“There are more people involved in the buying process than ever,” said Amanda. “The good news is that software is becoming more ingrained and embedded across the fabric of an organization. It’s able to deliver more value to an organization than ever before. The bad news is that there are a lot more people involved in the decision.”
That could mean a buying committee made up of IT, finance, and others. “As a seller, it’s important to know who you need to influence and how, because it is going to be a collection of people and increasingly a larger group of people who are influencing and making those decisions,” Amanda said.
#4. Your customers are your best marketing resource
Merely marketing to potential buyers is no longer sufficient. Instead, it’s far more effective to lean on customer testimonials to tell your story. “Today, we have all kinds of ways to have customers be advocates and marketers for us,” said Amanda. “Leaning into that, whether it’s through peer reviews or using customer testimonials, is really key to making the selling process successful.”
“Today we have all kinds of ways to have customers be advocates and marketers for us.”
Incentivizing advocacy can really pay off. Customers increasingly want to talk about software that they’ve had a good experience with. But how do you empower them and incentivize them? “It could be as simple as giving them a platform to share their authentic ideas about your product in a way that helps them build their own credibility or reputation.”
In other words, creating programs or spaces where customers can come together and be champions for your product – and each other – can reap enormous benefits. “Sometimes just creating a place where customers can do that can be really powerful,” said Amanda. “I think the companies that are going to succeed are going to enable more of those peer-to-peer conversations throughout the buying journey. And I think Marketplaces can be a great advocate in that because that’s where people really are coming together.”
#5. A challenging economic climate actually presents real opportunities
Recent economic news has been unsettling, with reports of tech companies laying off workers as they prepare for a tough road ahead. However, this may be a chance for software companies to seize opportunities and scale growth, extending a trend that began during the COVID-19 pandemic.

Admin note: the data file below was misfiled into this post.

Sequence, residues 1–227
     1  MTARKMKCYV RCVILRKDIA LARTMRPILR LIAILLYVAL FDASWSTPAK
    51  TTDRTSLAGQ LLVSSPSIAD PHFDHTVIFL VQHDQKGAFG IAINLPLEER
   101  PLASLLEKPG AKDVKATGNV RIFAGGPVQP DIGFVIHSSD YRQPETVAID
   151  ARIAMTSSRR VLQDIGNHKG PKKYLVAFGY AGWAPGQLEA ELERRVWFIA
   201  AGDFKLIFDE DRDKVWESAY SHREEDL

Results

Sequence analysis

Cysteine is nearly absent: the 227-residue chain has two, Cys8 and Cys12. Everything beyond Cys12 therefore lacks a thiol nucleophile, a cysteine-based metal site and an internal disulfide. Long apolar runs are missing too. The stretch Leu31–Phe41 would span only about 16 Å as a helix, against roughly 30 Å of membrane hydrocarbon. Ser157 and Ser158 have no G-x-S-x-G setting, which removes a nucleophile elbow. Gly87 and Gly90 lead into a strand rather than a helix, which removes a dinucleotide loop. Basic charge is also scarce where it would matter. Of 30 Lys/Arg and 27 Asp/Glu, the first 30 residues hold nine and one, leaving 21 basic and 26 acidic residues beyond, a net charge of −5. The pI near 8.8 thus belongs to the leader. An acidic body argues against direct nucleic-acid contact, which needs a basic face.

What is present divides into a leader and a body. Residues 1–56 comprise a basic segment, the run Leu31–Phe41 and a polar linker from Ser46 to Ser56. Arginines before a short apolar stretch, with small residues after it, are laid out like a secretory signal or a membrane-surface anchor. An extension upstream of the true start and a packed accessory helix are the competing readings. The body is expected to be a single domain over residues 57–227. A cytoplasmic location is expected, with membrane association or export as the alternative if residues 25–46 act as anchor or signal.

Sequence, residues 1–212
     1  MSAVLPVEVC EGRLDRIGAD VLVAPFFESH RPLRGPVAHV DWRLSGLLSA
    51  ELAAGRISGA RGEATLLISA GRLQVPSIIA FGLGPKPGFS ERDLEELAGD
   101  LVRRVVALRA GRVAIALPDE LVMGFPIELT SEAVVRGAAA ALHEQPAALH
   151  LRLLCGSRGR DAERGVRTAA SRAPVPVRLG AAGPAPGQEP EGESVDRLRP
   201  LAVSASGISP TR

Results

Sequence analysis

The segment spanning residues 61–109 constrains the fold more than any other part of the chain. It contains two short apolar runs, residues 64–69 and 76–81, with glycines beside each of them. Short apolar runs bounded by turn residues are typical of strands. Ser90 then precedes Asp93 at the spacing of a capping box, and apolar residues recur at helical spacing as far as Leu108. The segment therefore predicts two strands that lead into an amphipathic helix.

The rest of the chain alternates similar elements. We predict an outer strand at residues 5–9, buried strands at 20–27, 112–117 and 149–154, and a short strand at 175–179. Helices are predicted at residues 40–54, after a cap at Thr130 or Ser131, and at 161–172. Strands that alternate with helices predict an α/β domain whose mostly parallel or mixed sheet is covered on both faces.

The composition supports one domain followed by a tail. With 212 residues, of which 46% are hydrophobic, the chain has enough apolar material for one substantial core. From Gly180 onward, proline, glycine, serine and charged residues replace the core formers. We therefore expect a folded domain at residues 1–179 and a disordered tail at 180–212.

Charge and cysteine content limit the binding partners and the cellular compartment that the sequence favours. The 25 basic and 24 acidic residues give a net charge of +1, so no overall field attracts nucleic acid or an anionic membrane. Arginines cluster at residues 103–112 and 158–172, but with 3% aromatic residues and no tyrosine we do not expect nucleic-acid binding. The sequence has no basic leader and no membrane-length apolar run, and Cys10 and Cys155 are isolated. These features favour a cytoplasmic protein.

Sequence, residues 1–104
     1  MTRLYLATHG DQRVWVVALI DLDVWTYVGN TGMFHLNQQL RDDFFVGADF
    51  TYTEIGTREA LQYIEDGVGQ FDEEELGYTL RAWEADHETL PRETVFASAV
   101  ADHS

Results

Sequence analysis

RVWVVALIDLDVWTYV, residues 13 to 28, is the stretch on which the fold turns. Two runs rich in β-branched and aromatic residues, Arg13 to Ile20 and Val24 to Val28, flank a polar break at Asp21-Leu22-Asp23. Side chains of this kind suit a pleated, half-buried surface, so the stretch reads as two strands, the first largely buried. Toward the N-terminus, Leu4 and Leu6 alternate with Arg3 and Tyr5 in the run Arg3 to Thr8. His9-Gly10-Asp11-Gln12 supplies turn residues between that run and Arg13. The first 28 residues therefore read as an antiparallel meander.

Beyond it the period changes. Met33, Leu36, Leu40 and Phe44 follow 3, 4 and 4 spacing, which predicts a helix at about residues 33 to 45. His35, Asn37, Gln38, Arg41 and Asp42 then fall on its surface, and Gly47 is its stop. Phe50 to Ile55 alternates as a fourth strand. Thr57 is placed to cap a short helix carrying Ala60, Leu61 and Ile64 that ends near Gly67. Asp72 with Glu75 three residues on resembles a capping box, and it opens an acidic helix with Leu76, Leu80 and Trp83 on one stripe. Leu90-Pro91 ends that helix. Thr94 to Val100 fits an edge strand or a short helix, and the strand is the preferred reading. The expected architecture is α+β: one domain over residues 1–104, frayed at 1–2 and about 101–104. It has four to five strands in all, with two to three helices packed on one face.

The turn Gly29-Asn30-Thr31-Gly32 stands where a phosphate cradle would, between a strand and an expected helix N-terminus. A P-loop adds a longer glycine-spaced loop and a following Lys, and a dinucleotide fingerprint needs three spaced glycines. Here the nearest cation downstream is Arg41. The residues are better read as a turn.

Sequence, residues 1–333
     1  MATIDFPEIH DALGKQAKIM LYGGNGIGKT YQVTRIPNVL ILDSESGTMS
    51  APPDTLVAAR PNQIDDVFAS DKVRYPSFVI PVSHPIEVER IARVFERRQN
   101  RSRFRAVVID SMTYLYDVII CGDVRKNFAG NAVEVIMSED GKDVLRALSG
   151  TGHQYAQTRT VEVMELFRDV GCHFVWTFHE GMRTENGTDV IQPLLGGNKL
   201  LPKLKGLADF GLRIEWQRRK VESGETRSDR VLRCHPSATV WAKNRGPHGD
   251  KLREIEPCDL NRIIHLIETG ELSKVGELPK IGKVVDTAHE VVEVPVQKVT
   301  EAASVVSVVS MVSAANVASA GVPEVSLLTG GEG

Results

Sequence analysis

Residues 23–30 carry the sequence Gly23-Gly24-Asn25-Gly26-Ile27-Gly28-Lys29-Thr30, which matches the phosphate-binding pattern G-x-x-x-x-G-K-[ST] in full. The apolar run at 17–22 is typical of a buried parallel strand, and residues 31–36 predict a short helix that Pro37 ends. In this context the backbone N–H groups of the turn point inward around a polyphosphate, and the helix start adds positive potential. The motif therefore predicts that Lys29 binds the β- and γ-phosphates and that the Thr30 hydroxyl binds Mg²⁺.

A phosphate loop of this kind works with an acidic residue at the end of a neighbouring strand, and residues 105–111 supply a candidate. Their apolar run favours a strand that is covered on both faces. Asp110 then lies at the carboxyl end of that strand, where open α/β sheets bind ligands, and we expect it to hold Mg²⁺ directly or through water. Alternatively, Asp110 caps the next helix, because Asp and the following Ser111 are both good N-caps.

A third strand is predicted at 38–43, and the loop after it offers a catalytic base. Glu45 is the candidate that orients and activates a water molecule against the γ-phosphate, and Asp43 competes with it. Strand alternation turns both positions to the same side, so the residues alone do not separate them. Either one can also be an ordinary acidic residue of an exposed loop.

Read more: Why Cloud Marketplaces Might Save Your Business
“What we saw during COVID was a one-quarter decline in software spending as everybody started to rein in spending to cut costs,” Amanda said. Yet during the pandemic, as companies began to see the value of business and productivity software, along with work-from-home solutions, software spending began inching up. “A lot of that is digital transformation that happened during the pandemic, as we all started to work and buy in different ways, but it also speaks to the resilience of software and how software can really solve a lot of different pain points for companies.”
Tackle’s own research bears this out, and indicates that there’s a thirst for buying software digitally via Cloud Marketplaces. According to Tackle’s State of Cloud Marketplaces Report, 61% of buyers said they had purchased software through one of the Cloud Marketplaces in 2021, with 83% saying they are likely or extremely likely to do so in the future.
Now is the time to examine your buyer’s journey and make sure that buying your software is as simple and straightforward as possible. For example, don’t construct artificial barriers through over-complicated pricing structures. Some customers may want to bypass the sales team completely to make a purchase – and you should make it easy for them to do so. “I think we don’t give buyers enough credit,” said Amanda. “Software companies often say, ‘Oh, but it’s so complicated.’ Is it though, or is it that we haven’t created the avenues for buyers to easily make a purchase?”
Although the B2B software buying experience is undergoing a rapid transformation, software companies can take advantage of these changes and scale at a healthy clip. Nimble and responsive software companies that rely on buyer-centric strategies such as these will be in the best position to move forward.
To learn more about buyer behavior and strategies to enhance the buying experience, be sure to check out the full webinar.